Premilla Nadasen  is a faculty member at Barnard College, Columbia University, where she teaches history and in the Women’s, Gender, and Sexuality Studies program. Her own personal history has provided a background for writing this book. Her great, great grandparents went from India to South Africa as indentured servants around 1900. When her grandparents came to the United States, her relatives worked as domestic servants. The points she makes are well documented, but her text is easy to read and not full of debates with other scholars. By depending heavily on the stories of household workers about their work and their movement, she brings seldom-heard voices into the historical record. At times her account gets repetitive, however, and I was less interested in the sections of the book that dealt with the specific organizations and legal measures proposed. What I cherished most was her innovative analysis of the women’s organizing methods. I also believe that this analysis is why her book deserves to be widely read and discussed outside as well as inside academia.

I think this is an important book and I enthusiastically recommend it to readers interested in activism and/or the relationships of black women and the white women who employ them.

Thanks to Library Thing and Beacon Press for sending me a copy of Household Workers Unite.

Additional reading:
There are other fine books about domestic service, novels as well as scholarly analysis.  My favorite historical work is To ‘Joy My Freedom, by Tera Hunter about the shift from slavery to domestic work.  My favorite novels are The Space between Them, by Thrity Umbigar, a writer from India, and Like One of the Family, by Alice Childers, whom Nadasen quotes in debunking the myths about being family.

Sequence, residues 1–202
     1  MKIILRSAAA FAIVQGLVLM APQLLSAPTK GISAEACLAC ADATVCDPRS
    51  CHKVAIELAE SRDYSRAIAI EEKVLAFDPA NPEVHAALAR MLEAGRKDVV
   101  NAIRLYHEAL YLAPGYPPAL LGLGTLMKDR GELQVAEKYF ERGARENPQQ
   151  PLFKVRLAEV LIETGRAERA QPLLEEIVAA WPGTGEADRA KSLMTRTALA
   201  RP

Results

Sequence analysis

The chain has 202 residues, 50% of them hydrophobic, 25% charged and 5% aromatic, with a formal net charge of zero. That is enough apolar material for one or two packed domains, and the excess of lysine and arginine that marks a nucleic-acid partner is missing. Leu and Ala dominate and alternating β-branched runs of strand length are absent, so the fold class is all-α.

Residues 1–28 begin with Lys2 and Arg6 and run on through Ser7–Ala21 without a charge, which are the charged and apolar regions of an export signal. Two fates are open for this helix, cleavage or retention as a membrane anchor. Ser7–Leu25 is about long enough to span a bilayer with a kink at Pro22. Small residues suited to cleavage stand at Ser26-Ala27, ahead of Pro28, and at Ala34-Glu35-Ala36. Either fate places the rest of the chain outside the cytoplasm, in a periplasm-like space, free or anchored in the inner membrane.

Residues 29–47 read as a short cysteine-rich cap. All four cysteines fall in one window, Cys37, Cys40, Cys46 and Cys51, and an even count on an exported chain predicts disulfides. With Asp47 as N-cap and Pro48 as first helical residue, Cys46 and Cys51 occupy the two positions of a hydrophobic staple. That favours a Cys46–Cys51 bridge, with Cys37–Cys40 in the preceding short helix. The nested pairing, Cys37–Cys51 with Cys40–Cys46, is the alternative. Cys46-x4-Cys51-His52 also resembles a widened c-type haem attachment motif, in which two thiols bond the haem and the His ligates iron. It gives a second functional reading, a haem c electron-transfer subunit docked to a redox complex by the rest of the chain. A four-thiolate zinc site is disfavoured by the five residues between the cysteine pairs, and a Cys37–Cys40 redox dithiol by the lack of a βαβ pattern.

The Gap of Time, by Jeanette Winterson.

August 30, 2015

The Gap of Time, by Jeanette Winterson. New York : Hogarth, 2015. Forthcoming

5 stars

A powerful contemporary retelling of Shakespeare’s The Winter’s Tale by a talented and creative English author.

Hogarth Press, founded by Virginia and Leonard Woolf in 1917, is publishing a series of books reinterpreting Shakespearean plays for today’s generation. They have chosen acclaimed contemporary authors for each book. Jeanette Winterson has been asked to reinterpret The Winter’s Tale. Her success has convinced me to read the other books in this series and more books by Winterson.

Jeanette Winterson is a prolific English writer. Her many novels have widely praised for their literary excellence. She grew up in an Evangelical working-class family in northern England, eventually leaving both her family and her religion. Her writing is not always chronological, but in this book at least, it is highly accessible and simply a joy to read. Reading her own comments on her writings on her website, I was moved by her commitment to words, connections, and exploration of new ideas. Check out the site to get a taste of who she is and what she is doing.